4. Senders: Invoke the Message Bus to send messages to destinations.
We have to follow the steps given below, to create a message bus in Liferay:

Step 1: First of all we need to create messaging-spring.xml in /src/META-INF of your plug-in portlet. If you don’t have a service builder in the portlet, then you won't be having this META-INF folder, in that case you have to create a dummy service for the same. Now we have to put the following contents in this file:

Step 2: Now we have to make entry of this file in spring config. To do so, we have to open the file and make the entry of this file in "spring.configs" property.

Step 3: What remains wow is to create a class which should process the messages. This class must inherit the class MessageListener and should also implement method receive. (Please help yourself with proper imports)

Step 4: All set, now use the following code invoke this listener from your code from action class, scheduler etc. from wherever you want.

Thanks for reading.

Ref: Liferay Message Bus

Saturday, April 5, 2014

Liferay: Connecting Portlet to an External Database Table

Sometimes we need to fetch data from two different databases in one project. There are several approaches, such as creating a new hibernate/spring session or fetching through web services. Both have their advantage and disadvantages. This article explains how we can create another session for fetching data from a database which is not configured as the portal's default database, but as some other (custom).
The problem with this approach is with the table creation, which is Liferay's obvious behavior. Why? I'll explain this in the end of this article.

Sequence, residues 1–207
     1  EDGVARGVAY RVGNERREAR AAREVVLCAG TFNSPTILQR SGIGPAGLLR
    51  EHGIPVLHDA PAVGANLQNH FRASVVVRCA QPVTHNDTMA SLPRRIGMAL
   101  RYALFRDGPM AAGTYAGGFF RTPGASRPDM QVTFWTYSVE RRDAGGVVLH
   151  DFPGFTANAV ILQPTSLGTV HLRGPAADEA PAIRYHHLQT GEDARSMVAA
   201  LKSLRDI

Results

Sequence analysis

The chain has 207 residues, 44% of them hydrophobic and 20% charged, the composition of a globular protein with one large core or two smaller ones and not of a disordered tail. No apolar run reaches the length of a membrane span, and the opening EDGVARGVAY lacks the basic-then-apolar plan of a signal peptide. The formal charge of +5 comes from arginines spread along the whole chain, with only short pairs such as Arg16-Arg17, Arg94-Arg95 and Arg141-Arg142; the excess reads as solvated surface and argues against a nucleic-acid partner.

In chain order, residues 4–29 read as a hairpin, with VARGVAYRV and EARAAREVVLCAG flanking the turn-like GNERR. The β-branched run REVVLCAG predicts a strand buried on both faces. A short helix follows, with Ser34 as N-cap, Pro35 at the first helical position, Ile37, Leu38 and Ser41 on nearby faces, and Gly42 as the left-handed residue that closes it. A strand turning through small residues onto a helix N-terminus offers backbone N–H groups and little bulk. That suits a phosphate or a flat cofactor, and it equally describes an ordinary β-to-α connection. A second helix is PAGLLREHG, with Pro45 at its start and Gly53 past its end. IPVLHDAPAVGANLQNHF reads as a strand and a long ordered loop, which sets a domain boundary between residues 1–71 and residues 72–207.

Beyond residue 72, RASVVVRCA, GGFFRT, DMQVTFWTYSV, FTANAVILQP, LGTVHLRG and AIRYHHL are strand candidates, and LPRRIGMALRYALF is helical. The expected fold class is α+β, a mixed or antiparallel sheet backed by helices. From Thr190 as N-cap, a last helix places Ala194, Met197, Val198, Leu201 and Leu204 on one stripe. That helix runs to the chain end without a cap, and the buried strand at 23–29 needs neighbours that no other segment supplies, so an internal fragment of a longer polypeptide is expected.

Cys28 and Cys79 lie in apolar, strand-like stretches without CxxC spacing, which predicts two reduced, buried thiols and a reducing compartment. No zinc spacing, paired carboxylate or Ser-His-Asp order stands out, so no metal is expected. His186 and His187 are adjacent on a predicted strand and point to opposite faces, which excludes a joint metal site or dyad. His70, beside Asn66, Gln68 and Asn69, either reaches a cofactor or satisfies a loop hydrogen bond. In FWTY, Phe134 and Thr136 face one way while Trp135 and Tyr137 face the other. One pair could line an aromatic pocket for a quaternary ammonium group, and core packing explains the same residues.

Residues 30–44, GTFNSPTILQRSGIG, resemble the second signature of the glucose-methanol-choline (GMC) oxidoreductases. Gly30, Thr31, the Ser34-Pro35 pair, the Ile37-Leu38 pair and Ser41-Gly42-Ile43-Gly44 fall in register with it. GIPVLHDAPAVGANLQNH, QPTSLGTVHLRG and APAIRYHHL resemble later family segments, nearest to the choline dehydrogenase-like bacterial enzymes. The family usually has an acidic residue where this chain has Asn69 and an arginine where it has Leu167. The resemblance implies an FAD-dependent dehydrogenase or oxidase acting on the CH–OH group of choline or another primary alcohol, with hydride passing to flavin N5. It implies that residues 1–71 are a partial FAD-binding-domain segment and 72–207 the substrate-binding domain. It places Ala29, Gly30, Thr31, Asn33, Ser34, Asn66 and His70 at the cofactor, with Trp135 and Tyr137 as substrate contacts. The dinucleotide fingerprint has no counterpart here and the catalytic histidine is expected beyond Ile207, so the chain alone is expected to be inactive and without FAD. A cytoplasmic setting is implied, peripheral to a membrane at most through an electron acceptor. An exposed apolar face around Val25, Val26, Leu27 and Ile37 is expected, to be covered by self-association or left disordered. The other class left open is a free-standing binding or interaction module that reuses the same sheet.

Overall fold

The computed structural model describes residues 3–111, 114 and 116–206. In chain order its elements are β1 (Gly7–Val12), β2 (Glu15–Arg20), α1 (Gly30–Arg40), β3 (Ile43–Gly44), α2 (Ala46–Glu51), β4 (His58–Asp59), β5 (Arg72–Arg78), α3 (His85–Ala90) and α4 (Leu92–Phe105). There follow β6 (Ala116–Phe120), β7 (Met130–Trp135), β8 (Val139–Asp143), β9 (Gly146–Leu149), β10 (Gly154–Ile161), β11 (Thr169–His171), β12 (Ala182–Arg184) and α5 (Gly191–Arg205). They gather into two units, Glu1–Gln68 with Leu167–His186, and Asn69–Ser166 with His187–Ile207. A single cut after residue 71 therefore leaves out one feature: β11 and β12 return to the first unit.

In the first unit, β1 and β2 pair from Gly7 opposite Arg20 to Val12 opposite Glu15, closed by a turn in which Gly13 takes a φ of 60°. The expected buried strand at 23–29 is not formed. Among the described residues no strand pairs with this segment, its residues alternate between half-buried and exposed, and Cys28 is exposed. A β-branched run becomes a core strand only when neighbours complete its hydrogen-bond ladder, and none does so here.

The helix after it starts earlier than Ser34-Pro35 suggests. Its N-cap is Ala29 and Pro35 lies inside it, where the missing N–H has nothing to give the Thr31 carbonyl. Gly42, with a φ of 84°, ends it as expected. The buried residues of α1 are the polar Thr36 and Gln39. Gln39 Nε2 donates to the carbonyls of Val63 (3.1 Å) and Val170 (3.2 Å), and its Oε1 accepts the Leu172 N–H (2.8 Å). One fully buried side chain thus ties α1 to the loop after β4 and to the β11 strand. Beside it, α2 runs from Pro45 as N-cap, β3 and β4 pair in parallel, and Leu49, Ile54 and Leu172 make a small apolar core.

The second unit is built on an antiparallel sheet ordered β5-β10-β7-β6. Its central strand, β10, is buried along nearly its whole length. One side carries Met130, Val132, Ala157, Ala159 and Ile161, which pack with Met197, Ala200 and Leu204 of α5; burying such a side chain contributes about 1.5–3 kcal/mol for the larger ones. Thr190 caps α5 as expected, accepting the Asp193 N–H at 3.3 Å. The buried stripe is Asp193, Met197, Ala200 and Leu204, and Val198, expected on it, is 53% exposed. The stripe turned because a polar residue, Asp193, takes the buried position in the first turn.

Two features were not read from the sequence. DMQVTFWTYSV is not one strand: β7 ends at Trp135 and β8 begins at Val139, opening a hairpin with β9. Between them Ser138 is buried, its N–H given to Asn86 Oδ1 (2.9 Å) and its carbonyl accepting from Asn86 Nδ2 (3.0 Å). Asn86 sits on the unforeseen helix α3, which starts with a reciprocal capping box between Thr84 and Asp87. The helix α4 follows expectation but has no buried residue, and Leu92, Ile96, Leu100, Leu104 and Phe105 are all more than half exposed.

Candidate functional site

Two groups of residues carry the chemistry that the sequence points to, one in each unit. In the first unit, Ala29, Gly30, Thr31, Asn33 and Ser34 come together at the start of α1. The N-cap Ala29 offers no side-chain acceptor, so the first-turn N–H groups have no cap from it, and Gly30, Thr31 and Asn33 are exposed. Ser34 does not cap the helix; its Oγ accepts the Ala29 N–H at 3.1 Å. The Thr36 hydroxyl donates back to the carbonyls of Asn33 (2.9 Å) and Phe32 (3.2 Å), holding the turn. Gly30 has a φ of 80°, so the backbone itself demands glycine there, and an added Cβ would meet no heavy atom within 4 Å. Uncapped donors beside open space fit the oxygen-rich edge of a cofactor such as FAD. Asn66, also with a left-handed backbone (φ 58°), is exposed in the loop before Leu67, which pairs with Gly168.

1. First of all, create a new portlet with a service.xml file. Now build the service. For example, we create the following service. Here we need to know that the data-source value specifies the target data source which is the persistence class. The session-factory value specifies the session factory which is also set to the persistence class.The tx-manager value specifies the transaction manager which is used by Spring services. Rest of the things are pretty standard.

2. As we have built the service, Now its time to create table in the external database we're going to connect our portlet.

3. Now we have to supply the database connection details to our code. We can hardcode the database connection details directly in XML file directly, but its handy if  use the approach Liferay uses, i.e. through property file. So, lets just create some custom entries in file, not to mention you have to change the connection details as per your's:
4. As connection details now available, we have to use them to create a new session. So, for this we have to do spot the spring-ext.xml file which gets generated as soon as we build the service. The path of this file is: \docroot\WEB-INF\src\META-INF. We have to add the following entries in the end of this file:
Now we are done. We can now simple write LocalServiceInple code to access data from external database's table.

For the security reason, Liferay does not allow to create new table ontside the default DB. If you want to analyze liferay SRC, you can see the ServiceBuilder class's _createSQLTables method, where there is a condition check for default database.

You can download sample portlet from here. Hope this article will help you.